One ma­jor prob­lem that has dogged Daw Aung San Suu Kyi since her over­whelm­ing elec­toral vic­tory in Novem­ber 2015 was the eu­pho­ria and ex­pec­ta­tions that it cre­ated. “Ex­pec­ta­tions were too high, partly be­cause the ex­tent of the vic­tory sur­passed even the best pre­dic­tions,” said Zeya Thu a po­lit­i­cal com­men­ta­tor with The Voice mag­a­zine in Yan­gon. And while the hoped for change has not even­tu­ated, no one wants a re­turn to au­thor­i­tar­ian rule – not even the army it­self, he added.

When the new NLD govern­ment as­sumed of­fice at the end of March last year their backs were up against the wall – with the mil­i­tary and the for­mer min­is­ters in the Union Sol­i­dar­ity and De­vel­op­ment Party (USDP) ex­pect­ing Daw Aung San Suu Kyi to fail. “I give her six months, a year at the out­side,” said sev­eral min­is­ters in the pre­vi­ous regime. And their ob­struc­tion­ist ap­proach to the han­dover of power did not help. “We didn’t know whether we would be al­lowed [by the mil­i­tary] to take power right up un­til the day be­fore the new pres­i­dent was sworn in,” a govern­ment in­sider told me at the time.

Govern­ment ma­chine keeps mov­ing

Now af­ter two years the govern­ment is still firmly in place, although there is in­creas­ing talk of a pos­si­ble mil­i­tary coup or ad­min­is­tra­tive seizure of power by the army chief, as al­lowed in the pro-mil­i­tary con­sti­tu­tion of 2008. Nev­er­the­less on the sur­face there seems lit­tle to show for the last two years of angst and ef­fort. But that is a su­per­fi­cial assess­ment of what Daw Aung San Suu Kyi and her govern­ment has achieved.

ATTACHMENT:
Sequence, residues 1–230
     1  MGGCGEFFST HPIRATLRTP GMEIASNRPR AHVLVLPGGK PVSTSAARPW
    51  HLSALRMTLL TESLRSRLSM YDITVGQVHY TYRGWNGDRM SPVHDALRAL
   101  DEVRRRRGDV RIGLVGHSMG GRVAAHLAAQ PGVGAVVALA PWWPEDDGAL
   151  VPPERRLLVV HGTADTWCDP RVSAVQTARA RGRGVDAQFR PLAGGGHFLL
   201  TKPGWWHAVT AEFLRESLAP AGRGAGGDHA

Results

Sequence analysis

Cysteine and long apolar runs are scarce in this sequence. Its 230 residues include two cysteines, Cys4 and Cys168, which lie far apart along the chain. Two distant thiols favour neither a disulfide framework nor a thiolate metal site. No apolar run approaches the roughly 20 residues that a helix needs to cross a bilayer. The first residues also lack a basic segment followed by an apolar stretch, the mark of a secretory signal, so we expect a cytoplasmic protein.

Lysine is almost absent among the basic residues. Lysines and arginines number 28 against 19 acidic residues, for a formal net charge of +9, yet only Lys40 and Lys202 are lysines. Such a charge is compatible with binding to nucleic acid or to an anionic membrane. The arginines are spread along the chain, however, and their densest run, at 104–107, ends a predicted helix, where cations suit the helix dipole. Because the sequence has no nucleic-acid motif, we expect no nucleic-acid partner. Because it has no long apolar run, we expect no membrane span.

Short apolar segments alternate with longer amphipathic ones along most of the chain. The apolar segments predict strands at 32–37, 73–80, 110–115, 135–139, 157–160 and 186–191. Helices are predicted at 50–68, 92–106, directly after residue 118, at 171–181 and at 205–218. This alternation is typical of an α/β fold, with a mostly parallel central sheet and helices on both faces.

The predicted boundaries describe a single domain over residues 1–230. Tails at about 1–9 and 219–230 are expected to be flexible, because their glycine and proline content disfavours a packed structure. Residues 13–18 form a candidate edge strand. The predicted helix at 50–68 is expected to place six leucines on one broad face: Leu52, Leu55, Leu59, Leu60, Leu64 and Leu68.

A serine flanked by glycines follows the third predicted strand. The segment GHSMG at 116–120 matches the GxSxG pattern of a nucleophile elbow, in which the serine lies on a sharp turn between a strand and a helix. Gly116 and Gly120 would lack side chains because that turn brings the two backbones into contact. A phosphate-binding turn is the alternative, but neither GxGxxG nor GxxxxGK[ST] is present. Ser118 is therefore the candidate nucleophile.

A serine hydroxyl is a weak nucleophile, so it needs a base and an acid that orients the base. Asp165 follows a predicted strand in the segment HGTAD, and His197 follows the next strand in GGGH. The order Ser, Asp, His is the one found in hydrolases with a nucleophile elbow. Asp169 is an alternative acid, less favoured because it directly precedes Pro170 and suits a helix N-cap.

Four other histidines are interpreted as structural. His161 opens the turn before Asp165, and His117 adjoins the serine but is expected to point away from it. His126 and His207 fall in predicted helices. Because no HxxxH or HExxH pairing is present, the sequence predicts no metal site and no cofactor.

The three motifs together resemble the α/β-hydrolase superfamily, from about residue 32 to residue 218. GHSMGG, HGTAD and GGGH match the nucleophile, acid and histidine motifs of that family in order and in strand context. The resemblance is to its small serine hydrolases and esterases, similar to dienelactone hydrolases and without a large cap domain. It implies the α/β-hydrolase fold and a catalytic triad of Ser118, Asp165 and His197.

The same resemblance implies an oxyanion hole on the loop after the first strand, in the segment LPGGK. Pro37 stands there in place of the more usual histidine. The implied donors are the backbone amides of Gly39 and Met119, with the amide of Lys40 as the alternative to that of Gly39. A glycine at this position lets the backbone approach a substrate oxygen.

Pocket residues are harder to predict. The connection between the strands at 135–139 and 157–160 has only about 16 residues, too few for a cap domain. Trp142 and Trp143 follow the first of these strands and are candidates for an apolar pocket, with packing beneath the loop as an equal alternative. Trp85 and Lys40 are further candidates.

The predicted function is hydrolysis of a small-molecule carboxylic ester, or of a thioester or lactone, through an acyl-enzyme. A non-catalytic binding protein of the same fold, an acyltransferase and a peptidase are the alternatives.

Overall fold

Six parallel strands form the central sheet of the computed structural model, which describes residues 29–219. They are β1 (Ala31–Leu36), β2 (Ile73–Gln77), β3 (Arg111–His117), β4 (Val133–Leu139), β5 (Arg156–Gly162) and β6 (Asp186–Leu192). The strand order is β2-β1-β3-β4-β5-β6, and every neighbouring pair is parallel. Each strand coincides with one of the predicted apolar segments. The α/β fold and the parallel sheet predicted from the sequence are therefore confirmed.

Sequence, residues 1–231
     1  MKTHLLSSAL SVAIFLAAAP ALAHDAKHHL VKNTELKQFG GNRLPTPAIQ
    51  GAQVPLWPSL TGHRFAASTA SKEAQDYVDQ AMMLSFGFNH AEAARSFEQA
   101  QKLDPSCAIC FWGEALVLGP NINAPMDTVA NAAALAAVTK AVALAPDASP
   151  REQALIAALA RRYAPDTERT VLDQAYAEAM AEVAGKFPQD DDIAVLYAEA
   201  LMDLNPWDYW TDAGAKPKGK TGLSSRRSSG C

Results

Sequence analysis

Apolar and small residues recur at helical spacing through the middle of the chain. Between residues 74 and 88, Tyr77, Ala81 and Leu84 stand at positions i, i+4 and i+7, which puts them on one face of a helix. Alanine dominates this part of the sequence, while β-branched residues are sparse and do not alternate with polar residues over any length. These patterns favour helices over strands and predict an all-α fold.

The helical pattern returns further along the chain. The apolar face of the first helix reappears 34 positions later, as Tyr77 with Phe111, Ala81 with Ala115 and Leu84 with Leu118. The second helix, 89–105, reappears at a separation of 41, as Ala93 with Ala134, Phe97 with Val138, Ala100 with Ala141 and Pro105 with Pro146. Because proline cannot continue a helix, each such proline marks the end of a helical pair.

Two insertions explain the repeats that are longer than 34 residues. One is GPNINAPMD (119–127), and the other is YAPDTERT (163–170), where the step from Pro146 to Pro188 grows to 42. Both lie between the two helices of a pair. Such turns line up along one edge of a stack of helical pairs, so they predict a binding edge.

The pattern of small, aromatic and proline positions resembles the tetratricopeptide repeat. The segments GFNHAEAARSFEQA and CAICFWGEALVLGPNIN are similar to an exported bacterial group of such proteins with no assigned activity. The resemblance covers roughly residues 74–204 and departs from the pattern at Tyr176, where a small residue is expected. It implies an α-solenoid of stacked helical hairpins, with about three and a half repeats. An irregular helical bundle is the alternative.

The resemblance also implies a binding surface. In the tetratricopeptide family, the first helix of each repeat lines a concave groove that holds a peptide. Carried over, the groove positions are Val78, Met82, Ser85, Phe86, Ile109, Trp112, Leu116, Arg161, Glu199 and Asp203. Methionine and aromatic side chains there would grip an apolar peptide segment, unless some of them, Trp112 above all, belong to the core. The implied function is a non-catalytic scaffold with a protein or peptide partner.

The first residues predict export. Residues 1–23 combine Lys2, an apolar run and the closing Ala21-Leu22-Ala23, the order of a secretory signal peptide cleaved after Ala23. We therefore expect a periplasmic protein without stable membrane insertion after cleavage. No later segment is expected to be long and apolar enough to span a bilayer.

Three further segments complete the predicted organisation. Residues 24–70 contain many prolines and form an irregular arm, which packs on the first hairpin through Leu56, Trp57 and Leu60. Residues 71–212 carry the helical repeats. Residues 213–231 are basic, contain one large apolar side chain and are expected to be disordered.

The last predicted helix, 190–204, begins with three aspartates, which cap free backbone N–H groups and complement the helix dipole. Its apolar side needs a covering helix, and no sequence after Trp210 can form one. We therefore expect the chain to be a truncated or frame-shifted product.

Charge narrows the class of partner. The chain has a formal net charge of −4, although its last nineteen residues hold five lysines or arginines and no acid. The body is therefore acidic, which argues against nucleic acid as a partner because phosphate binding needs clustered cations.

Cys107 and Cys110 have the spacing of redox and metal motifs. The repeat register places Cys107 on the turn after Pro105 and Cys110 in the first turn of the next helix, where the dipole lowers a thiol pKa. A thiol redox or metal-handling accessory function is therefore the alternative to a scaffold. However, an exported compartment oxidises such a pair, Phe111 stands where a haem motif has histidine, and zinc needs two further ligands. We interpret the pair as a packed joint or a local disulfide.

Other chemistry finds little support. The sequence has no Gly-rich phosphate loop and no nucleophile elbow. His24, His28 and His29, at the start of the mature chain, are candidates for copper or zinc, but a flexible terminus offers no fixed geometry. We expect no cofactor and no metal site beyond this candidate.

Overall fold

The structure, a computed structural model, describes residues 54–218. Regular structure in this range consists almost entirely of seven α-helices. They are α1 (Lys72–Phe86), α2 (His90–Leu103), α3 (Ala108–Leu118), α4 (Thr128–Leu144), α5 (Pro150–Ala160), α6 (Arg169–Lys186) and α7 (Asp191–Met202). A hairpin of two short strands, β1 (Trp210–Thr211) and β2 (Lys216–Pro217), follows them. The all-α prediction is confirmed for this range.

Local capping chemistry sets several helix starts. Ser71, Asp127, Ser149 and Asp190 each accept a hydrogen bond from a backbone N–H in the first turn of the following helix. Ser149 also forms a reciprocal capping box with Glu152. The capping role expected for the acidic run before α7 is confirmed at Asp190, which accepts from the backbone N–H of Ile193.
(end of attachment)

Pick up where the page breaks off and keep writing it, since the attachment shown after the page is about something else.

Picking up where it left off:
De­spite the limited re­sources at their dis­posal, when the NLD took of­fice, the ma­chin­ery of govern­ment has kept mov­ing. It has been a strug­gle for the govern­ment to keep the coun­try sol­vent – de­spite some sub­stan­tial aid pack­ages from for­eign donors, the ADB, IMF and World Bank – made all the more dif­fi­cult by the enor­mous drop in for­eign di­rect in­vest­ment.

In the last few months of his regime, Thein Sein’s ad­min­is­tra­tion’s spend­ing vir­tu­ally bankrupted the govern­ment, min­is­ters over­spent the bud­get by three fold, es­pe­cially as a re­sult of the govern­ment’s un­seemly spend­ing spree in March. The bud­get deficit rose as­tro­nom­i­cally to 4.6 per­cent of GDP (from 1pc).